And, behold, Boaz came from Beth-lehem, and said unto the reapers, The LORD be with you.  And they answered him, The LORD bless thee. 

Then said Boaz unto his servant…Whose damsel is this? 

And the servant…answered and said, It is the Moabitish damsel that came back with Naomi out of the country of Moab. 

And she said, I pray you, let me glean and gather after the reapers among the sheaves: so she came, and hath continued even from the morning until now, that she tarried a little in the house. 

Then said Boaz unto Ruth, Hearest thou not, my daughter? Go not to glean in another field, neither go from hence, but abide here fast by my maidens:

Let thine eyes be on the field that they do reap, and go thou after them: have I not charged the young men that they shall not touch thee?  And when thou art athirst, go unto the vessels, and drink of that which the young men have drawn.

Then she fell on her face, and bowed herself to the ground, and said unto him, Why have I found grace in thine eyes, and thou shouldest take knowledge of me, seeing I am a stranger?

And Boaz answered and said unto her, It hath fully been shewed me, all that thou hast done unto thy mother in law since the death of thine husband: and how thou hast left thy father and thy mother, and the land of thy nativity, and art come unto a people which thou knewest not heretofore” (Ruth 2:1-11).

“Then she said, Let me find favor in thy sight, my lord; for that thou hast comforted me, and for that thou hast spoken friendly unto thine handmaid, though I be not like unto one of thine handmaidens. 

And Boaz said unto her, At mealtime come thou hither, and eat of the bread, and dip thy morsel in the vinegar. And she sat beside the reapers: and he reached her parched corn, and she did eat, and was sufficed, and left. 

And when she was risen up to glean, Boaz commanded his young men, saying, Let her glean even among the sheaves, and reproach her not:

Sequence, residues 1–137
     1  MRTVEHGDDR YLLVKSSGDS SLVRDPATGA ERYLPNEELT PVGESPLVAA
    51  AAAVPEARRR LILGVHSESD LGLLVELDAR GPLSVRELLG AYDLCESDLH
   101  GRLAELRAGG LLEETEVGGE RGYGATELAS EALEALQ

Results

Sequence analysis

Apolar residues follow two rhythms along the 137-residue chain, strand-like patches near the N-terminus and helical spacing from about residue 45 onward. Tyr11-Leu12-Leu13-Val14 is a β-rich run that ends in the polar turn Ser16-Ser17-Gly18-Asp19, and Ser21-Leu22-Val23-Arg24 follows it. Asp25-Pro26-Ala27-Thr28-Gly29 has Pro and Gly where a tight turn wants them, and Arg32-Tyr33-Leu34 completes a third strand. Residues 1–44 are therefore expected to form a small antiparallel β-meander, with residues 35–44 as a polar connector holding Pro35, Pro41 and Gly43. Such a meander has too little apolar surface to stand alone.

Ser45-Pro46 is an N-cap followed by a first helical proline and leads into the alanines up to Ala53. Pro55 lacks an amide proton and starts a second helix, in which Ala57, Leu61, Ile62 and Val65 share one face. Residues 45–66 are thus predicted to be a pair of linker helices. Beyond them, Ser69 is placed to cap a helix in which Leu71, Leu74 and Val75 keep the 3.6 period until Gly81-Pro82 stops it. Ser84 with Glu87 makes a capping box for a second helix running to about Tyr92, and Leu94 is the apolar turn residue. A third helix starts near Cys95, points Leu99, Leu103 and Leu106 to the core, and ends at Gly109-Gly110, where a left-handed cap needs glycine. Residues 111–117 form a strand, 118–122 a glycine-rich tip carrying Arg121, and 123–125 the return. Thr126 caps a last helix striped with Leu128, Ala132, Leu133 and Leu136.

And let fall also some of the handfuls of purpose for her, and leave them, that she may glean them, and rebuke her not” (Ruth 2:13-16).

When Ruth was done she brought all the barley home and Naomi asked who she had worked for, and she told her Boaz.

“…And Naomi said unto her, The man is near of kin unto us, one of our next kinsmen. 

And Ruth…said, He said unto me also, Thou shalt keep fast by my young men, until they have ended all my harvest. 

And Naomi said unto Ruth…It is good, my daughter, that thou go out with his maidens, that they meet thee not in any other field. 

So she kept fast by the maidens of Boaz to glean unto the end of barley harvest and of wheat harvest; and dwelt with her mother in law” (Ruth 2:20-23).

Ruth and Boaz

Ruth and Boaz

During a famine, a man named Elimelech, and his wife Naomi, and their two sons, Mahlon and Chilion, moved from Bethlehem to Moab.  After the death of Elimelech, his sons married two Moabite women named Orpah and Ruth.  But their husbands later died and the two women were childless.

Naomi decided to return to Bethlehem and Ruth insisted on joining her, saying “Your people shall be my people, and your God my God” (Ruth 1:16).

In Bethlehem, Ruth met a man named Boaz, who was related to her late father-in-law.  Boaz and Ruth got married (Ruth 4:5).  Ruth and Boaz had a son named Obed.  Obed was the father of Jesse, and Jesse was the father of David.  So Ruth was the great-grandmother of King David.

On the Plains of Bethlehem- Where Ruth Gleaned in the Fields of Boaz
Image Description from historic lecture booklet: “This picture brings to mind the beautiful Bible story of Ruth. This is very likely the same region where Boaz owned his field. The story abounds in allusions and customs, primitive and oriental, many of which are readily illustrated by the manner and of the present occupants of the land. In harvest season reapers may be seen with their crooked sickles and following them, men, women, and children, gleaning as the maidens of Boaz were doing when he came from Bethlehem to look after his reapers. The salutations and responses are the same today as in the time of Boaz.

Boaz was a very wealthy man who lived in Bethlehem.  When Naomi returned to Bethlehem with her widowed daughter-in-law, Ruth, Ruth went into the fields of Boaz to glean.  Boaz learned that Ruth’s deceased husband was a distant relative of his.

He acted kindly towards Ruth and instructed his farm workers to leave extra sheaves of barley for her to gather.  Ruth had another relative of her late husband who was closer than Boaz.

By law, the other relative was obligated to marry Ruth, as stated in Deuteronomy 25:5-10.  Boaz confronted the other relative with this law, and after the relative refused to marry Ruth, Boaz agreed to marry Ruth, and to buy the estate of Ruth’s deceased husband.

Boaz means “strength. ” The story of Boaz is found in the Book of Ruth.